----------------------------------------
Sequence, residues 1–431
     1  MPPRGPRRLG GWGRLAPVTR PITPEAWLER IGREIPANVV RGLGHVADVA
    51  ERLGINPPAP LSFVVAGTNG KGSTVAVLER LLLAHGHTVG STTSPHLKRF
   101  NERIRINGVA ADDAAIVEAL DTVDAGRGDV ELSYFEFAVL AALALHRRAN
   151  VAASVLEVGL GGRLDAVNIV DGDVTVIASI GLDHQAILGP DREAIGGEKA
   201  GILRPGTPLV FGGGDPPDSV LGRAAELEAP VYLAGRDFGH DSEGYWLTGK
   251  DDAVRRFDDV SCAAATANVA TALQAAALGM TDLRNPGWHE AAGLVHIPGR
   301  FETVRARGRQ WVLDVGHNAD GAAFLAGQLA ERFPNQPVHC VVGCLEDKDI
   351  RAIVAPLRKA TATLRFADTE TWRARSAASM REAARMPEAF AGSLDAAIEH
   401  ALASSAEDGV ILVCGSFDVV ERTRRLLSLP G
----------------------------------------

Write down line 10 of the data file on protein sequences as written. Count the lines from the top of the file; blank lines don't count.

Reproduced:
   401  ALASSAEDGV ILVCGSFDVV ERTRRLLSLP G